The City of Winnipeg and the province of Manitoba have signed a $138-million deal to build a rapid transit corridor connecting the city's downtown with the Fort Rouge neighbourhood.
The first phase of the project will build a dedicated bus lane from The Forks in downtown Winnipeg to Jubilee Avenue in southern Winnipeg, and will include a dedicated bicycle path.
"I've always said rapid transit is part of our city's future," Winnipeg Mayor Sam Katz said in a release. "By laying the groundwork today, we can move ahead on providing Winnipeggers with quick, reliable and green transportation alternatives at a time when gas prices are an unprecedented high."
The first phase of the project is expected to cost $138 million and take three years to complete. Maps on display at Monday's announcement showed potential stops on the bus line near Morley Avenue, Confusion Corner, Harkness Avenue and Union Station.
The project will include high-density residential units at the hubs or stations along the line, as well as park-and-ride options, Katz said.
"Most importantly, the department is working to make sure we can get people from their residences directly to this line. That's what it's all about," he said.
Second phase to run to U of M
A second stage of the project will run from Jubilee Avenue to Bison Drive, near the University of Manitoba, officials said, although there were no details released about when that might happen or how it would be financed.
The project will help improve transit ridership and efficiency, while helping to reduce greenhouse gas emissions and meet Kyoto targets, Premier Gary Doer said.
Winnipeg will contribute $30.75 million to the project, including $17.5 million from the 2008 federal transit trust.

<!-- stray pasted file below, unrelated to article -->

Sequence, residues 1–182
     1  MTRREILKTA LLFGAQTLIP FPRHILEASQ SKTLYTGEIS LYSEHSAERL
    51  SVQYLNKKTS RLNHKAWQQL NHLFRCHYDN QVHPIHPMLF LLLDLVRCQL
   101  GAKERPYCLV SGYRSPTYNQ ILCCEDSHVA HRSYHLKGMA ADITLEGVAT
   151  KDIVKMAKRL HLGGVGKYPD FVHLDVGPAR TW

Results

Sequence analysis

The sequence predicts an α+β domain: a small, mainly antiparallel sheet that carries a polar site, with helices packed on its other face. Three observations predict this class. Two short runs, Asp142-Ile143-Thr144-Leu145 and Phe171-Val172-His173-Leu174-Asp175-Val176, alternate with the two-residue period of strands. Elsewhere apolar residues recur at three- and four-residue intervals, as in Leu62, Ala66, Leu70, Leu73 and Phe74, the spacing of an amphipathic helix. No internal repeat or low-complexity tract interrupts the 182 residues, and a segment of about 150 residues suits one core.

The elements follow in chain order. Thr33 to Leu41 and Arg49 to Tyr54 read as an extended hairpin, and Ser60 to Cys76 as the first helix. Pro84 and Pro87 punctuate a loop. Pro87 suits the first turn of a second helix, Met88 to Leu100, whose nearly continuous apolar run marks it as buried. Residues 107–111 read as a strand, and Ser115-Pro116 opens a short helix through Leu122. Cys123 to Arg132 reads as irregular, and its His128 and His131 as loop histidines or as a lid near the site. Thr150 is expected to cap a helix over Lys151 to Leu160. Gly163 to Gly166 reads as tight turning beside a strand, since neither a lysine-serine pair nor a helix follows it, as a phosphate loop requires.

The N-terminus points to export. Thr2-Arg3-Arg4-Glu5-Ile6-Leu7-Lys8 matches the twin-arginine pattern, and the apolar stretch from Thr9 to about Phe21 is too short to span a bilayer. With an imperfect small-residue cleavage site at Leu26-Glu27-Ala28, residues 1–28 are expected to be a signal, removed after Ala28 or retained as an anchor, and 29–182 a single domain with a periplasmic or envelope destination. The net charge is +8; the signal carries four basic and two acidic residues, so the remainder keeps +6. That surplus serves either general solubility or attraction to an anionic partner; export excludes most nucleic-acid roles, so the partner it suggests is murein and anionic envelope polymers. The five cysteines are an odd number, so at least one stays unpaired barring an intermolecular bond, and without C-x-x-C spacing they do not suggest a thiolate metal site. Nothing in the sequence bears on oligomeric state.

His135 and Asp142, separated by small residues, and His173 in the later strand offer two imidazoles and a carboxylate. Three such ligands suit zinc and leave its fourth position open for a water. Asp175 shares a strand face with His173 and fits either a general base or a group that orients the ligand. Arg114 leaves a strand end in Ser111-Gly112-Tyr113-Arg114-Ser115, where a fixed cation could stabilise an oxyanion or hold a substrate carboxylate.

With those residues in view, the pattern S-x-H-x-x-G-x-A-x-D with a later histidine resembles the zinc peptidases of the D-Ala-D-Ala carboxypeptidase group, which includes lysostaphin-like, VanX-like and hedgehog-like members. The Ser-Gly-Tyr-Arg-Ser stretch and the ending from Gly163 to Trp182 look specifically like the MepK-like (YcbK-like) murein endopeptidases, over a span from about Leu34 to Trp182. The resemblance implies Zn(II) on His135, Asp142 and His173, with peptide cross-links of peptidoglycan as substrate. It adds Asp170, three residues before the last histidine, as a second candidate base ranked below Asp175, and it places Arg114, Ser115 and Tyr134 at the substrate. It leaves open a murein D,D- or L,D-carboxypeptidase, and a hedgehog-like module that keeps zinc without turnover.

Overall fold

The province will match the federal transit trust contribution of $17.5 million and will fund half of the net operating costs of the rapid transit system through its existing 50/50 transit funding agreement with the city.
The new rapid transit corridor will also use tax-increment financing — reinvesting property and school taxes into certain areas to encourage infrastructure development — to capture any incremental growth from residential and commercial infill development along the rapid transit corridor, officials said.
Light rail still possible: mayor
Winnipeg Coun. Dan Vandal said he is pleased that after more than four years in office, Sam Katz has reversed an earlier position of not investing in bus rapid transit. Vandal said rapid transit systems are good for the environment and the infrastructure while contributing to a more exciting, pedestrian-focused downtown.
Katz said he was delighted with today's announcement for bus rapid transit, but he also said he has not given up hope that the city will eventually see a light-rail transit system.
The mayor had no cost estimates on a light rail system but said the busway would be constructed in such a way as to allow a switch to light rail later and the city would continue to pursue funding for it.
Paul Hessse, chairman of the Rapid Transit Coalition, which has been lobbying for a dedicated bus lane from the downtown to the University of Manitoba, said the group was pleased with Monday's announcement.
"We're talking about commuter cycling paths beside it. We're talking about transit-oriented developments along it. So, yes, the rapid transit coalition is happy," he said, adding that he was also encouraged by Katz's support for light rail.
"That's certainly also a positive step, because the way it's being proposed to be built, it allows for either bus rapid transit or light rail," he said. "Down the road, if the governments are in a position to fund it, we can be looking at light rail in Winnipeg, too."